Rhea C. A Level German tutor, GCSE German tutor

Rhea C.

Currently unavailable: for regular students

Degree: German Studies (Bachelors) - Warwick University

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About me

Hi, my name is Rhea and I'm a student at the university of Warwick, studying German Studies. I love German and have done since I was a child, when I regularly travelled there. I love German culture and the language, and I hope my enthusiasm can rub off on any tutees I may have. I want to tutor as I aim to have a career in the education sector, and I have much experience tutoring, as I have tutored children of secondary school age in a range of subjects. I hope to make it engaging by helping people to learn in the ways they do best, be it visually or audibly or by any other means. I am also willing to help with applications to colleges and universities, as I have experience of the process. 

Subjects offered

SubjectLevelMy prices
German A Level £20 /hr
German GCSE £18 /hr

Qualifications

QualificationLevelGrade
GermanA-LevelB
FrenchA-LevelA
Disclosure and Barring Service

CRB/DBS Standard

No

CRB/DBS Enhanced

No

Currently unavailable: for regular students

Ratings and reviews

5from 1 customer review

Ashwini (Parent) December 24 2015

The session was very helpful and learnt how to use the conditional tense as well as learning new vocabulary

Questions Rhea has answered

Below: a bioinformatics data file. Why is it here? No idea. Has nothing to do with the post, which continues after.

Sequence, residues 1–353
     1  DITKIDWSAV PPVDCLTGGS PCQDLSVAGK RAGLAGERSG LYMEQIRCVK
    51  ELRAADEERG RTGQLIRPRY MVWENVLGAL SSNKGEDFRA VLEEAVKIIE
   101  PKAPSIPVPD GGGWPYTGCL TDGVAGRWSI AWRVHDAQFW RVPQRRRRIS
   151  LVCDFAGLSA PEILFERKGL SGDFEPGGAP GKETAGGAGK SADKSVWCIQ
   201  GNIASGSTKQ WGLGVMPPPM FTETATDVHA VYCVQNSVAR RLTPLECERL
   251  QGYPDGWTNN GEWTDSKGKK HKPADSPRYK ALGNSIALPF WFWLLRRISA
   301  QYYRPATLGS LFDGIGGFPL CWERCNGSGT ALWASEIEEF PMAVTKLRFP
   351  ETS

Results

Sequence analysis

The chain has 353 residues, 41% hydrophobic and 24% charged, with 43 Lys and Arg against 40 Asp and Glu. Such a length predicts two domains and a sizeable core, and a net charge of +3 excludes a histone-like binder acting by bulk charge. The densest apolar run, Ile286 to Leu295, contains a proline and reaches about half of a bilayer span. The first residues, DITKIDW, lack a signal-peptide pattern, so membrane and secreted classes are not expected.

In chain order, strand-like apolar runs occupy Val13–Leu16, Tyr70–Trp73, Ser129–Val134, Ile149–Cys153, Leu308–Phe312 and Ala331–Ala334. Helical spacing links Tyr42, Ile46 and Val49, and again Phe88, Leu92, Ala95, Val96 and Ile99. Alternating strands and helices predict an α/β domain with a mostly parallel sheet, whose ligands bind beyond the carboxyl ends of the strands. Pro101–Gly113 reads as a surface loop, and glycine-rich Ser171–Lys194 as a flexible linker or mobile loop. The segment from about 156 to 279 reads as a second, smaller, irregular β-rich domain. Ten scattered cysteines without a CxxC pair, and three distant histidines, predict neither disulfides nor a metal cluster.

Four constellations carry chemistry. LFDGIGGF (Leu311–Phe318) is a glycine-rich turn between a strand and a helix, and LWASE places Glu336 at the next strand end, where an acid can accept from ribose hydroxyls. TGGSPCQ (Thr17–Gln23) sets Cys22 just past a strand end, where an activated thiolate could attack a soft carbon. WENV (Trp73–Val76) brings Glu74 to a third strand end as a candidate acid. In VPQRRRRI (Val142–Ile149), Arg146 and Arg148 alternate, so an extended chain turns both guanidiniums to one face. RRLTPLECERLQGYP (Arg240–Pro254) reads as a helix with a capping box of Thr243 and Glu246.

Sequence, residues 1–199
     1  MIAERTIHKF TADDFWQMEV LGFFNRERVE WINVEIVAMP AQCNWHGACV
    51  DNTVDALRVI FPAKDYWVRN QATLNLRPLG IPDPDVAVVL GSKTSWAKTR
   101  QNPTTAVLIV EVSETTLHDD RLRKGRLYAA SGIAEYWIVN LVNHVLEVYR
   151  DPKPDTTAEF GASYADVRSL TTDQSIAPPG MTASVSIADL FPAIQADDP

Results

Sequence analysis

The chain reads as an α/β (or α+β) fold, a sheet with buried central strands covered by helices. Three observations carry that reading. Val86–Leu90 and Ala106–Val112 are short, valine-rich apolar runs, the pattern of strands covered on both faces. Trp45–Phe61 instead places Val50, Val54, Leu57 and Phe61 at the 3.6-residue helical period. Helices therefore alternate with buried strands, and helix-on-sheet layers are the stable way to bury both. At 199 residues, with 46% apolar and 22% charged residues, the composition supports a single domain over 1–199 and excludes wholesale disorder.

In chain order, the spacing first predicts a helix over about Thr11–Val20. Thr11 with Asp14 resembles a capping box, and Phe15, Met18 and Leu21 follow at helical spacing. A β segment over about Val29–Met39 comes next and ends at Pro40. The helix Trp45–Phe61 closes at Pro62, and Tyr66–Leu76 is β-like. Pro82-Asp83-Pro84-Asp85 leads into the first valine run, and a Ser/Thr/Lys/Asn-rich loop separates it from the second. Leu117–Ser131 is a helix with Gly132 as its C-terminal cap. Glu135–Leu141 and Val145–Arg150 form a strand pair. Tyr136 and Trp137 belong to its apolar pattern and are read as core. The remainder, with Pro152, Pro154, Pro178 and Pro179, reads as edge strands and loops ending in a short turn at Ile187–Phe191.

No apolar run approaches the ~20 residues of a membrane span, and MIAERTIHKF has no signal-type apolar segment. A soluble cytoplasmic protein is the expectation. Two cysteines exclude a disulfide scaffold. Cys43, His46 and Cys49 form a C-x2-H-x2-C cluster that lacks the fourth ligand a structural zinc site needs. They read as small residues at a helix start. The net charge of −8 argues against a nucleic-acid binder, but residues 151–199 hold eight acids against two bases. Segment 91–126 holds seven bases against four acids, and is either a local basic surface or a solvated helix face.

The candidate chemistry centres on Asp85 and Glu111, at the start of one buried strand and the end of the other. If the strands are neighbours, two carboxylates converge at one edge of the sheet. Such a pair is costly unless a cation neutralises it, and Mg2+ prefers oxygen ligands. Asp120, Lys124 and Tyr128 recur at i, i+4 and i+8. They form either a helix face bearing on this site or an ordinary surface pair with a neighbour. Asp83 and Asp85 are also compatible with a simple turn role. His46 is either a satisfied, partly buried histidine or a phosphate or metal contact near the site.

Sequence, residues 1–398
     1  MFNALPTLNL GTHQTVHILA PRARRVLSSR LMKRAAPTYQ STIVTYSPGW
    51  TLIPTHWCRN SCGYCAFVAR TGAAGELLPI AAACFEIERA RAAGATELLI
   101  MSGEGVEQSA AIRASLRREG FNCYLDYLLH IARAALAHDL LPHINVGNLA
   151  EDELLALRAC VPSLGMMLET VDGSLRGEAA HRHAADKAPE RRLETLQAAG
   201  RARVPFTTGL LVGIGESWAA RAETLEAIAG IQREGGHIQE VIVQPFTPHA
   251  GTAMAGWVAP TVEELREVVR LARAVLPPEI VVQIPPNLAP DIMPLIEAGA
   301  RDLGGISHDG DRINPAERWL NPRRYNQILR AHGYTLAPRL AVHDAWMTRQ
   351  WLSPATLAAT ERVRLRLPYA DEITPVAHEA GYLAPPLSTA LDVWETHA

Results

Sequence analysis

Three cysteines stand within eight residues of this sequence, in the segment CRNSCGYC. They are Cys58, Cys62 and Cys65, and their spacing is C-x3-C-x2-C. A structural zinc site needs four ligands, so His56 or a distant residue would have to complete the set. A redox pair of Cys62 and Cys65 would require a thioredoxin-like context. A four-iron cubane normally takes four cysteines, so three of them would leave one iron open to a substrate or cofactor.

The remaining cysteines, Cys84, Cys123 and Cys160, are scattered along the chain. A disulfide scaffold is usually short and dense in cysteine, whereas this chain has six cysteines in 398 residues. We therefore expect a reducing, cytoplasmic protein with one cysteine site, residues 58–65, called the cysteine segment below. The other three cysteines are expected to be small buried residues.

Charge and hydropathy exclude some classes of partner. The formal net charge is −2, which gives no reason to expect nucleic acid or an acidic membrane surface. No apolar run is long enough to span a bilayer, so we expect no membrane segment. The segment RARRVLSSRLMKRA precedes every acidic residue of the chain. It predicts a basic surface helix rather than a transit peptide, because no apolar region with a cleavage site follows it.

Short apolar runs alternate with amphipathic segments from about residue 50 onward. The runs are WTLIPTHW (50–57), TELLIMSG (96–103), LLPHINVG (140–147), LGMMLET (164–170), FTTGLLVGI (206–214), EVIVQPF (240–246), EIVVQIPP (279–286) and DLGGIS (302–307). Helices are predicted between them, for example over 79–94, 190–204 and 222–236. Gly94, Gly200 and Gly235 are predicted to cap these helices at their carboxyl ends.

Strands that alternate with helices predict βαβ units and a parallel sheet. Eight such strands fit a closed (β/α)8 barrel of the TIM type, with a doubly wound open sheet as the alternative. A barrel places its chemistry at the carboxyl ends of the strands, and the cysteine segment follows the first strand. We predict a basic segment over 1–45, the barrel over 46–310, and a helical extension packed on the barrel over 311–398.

Genders and cases in German

In German there are three genders for nouns: masculine, feminine and neuter. There are some rules for each gender regarding how the words are formed, however the best bet is to learn each gender with the words. There are also four cases in German: the nominative (subject), accusative (direct ...

In German there are three genders for nouns: masculine, feminine and neuter. There are some rules for each gender regarding how the words are formed, however the best bet is to learn each gender with the words.

There are also four cases in German: the nominative (subject), accusative (direct object), dative (indirect object) and genitive (this isn't particularly important as even Germans drop it). These affect how the words 'the' and 'a' are formed.

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1 year ago

229 views

How do you use the subjunctive mood?

In the German language there are two types of subjunctive: the Konjuntiv I and Konjunctiv II. The first form is used in reported speech, in order to report something that may or may not be true. The Konjunctiv II is used more often in everyday life, in order to show that something is contrary ...

In the German language there are two types of subjunctive: the Konjuntiv I and Konjunctiv II. The first form is used in reported speech, in order to report something that may or may not be true. The Konjunctiv II is used more often in everyday life, in order to show that something is contrary to reality, to request something in a polite way, and to express wishful thinking.

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1 year ago

254 views
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